CNBC's Deirdre Bosa looks into which stocks have historically bounced back after big selloffs. » Read More
We have seen some amazing swings in the Dow over the past month but is there a pattern here?
The nation may be facing a long, deep recession, but Kiplinger's Personal Finance says some companies are positioned to thrive. The publication has singled out the stocks of five such companies.
The markets are up about 2.5% in early morning trading on strength overnight in Asian markets, solid earnings reports, and a better-than-expected GDP number.
Stocks jumped at the opening bell following better-than-expected reports on GDP and jobless claims even though the GDP reading indicated that the economy is likely in a recession.
Stocks got a bump from better-than-expected reports on GDP and jobless claims even though the GDP reading indicated that the economy is likely in a recession.
Stocks will likely rock and roll again Thursday. Wednesday's market was particularly volatile, although for a good part of the day it was unusually calm as investors waited for the Fed's rate decision. In the final half hour, the Dow wiped out a big gain to end 74 points lower. The Dow was up 298 at its peak, and down 174 at its low point.
In this Web Extra the traders reveal how to trade GDP and a slew of earnings reports including Exxon, CBS, Electronic Arts and more!
Is this the beginning of a commodities comeback?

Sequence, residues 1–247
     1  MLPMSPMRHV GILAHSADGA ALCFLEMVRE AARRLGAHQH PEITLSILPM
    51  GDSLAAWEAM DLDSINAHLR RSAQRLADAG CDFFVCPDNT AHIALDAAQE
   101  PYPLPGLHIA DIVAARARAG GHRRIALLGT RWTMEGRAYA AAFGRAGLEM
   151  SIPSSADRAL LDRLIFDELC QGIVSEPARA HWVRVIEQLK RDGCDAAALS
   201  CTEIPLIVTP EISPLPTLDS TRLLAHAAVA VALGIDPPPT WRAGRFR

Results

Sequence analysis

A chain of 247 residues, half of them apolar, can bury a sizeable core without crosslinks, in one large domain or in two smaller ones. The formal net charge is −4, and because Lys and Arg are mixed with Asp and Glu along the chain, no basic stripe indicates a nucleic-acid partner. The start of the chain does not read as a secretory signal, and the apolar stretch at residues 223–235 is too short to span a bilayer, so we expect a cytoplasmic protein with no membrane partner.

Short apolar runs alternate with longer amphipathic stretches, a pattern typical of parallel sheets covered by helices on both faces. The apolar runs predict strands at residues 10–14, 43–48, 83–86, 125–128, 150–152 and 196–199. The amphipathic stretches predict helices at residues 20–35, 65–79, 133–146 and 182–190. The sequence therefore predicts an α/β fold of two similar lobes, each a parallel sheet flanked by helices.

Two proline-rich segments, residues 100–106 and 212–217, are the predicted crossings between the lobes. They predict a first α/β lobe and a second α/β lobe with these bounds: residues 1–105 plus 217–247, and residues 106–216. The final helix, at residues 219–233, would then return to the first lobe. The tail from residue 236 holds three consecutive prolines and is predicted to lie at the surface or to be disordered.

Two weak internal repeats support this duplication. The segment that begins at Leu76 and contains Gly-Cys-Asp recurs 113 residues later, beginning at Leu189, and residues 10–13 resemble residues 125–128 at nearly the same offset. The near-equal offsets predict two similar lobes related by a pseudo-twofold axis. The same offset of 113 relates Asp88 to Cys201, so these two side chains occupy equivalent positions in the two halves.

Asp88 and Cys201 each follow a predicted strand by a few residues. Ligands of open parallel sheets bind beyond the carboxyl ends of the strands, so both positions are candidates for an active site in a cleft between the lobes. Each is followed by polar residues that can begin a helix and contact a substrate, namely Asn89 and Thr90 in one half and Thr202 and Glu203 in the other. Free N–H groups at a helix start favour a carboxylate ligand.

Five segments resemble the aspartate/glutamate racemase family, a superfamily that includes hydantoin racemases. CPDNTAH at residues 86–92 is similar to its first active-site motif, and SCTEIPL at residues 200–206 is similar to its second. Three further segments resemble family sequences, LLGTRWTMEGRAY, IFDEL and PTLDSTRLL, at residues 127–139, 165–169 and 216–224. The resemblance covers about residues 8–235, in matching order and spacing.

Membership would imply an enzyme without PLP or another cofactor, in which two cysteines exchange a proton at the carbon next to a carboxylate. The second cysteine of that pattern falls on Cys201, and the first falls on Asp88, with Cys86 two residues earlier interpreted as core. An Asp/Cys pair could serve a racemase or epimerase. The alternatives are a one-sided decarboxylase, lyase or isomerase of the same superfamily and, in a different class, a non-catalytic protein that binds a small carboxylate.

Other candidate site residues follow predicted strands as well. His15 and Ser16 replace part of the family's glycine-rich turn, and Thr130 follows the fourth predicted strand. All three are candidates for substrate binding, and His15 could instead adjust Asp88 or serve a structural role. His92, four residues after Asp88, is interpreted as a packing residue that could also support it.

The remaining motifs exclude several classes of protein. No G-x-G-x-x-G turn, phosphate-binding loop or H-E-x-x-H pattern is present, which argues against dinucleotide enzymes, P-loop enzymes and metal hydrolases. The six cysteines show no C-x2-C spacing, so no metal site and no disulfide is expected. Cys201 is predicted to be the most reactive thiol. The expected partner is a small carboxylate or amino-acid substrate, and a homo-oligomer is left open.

Wall Street went on a bargain-hunting bonanza, with a frenzy of activity in the final hour of trading, sending shares up 10 percent.
Investors went on a late-day buying spree, scooping up shares of beaten down stocks and sending the major indexes soaring 7-8 percent.
Volatility reigned again on Wall Street Tuesday as jittery investors had a hard time committing to the morning's early rally -- or to the subsequent paring of gains.
Scarcity of Volkswagen stocks after Porsche bought up nearly all the remaining free float triggered a short squeeze that pushed VW's market capitalization above that of Exxon at some point Tuesday.
Stocks opened higher Tuesday after Monday's late selloff as international markets bounced back amid expectations of a U.S. rate cut.
Stock index futures pointed to a substantial gain at the open Tuesday, following Monday's late selloff, as international markets rebounded and investors pondered the effect of an upcoming expected interest-rate cut.
Stocks ended the day significantly lower but avoided a catastrophe, as an orderly selloff staved off what some thought would be a massive market capitulation.
The selling pressure across markets overnight is a tide that is sinking all boats, including oil and all commodities for that matter. If it can be sold, it is being sold, right now. In terms of oil, specifically, support levels that traders have looked to determine prices bottoms have been taken out in succession, over the past several months.
Stocks clawed back from five-year lows on Thursday, led by a bounce in energy and health-care stocks...
Stocks made a third attempt at a rally Thurdsay though techs took a beating amid worries about the outlook for the sector.
A rally spurred by bargain hunting fizzled Thursday as weakness in technology leaders offset strength energy-related companies.
Stocks wavered after an early pop Thursday as the latest batch of earnings and a disappointing weekly jobless report stoked recession fears.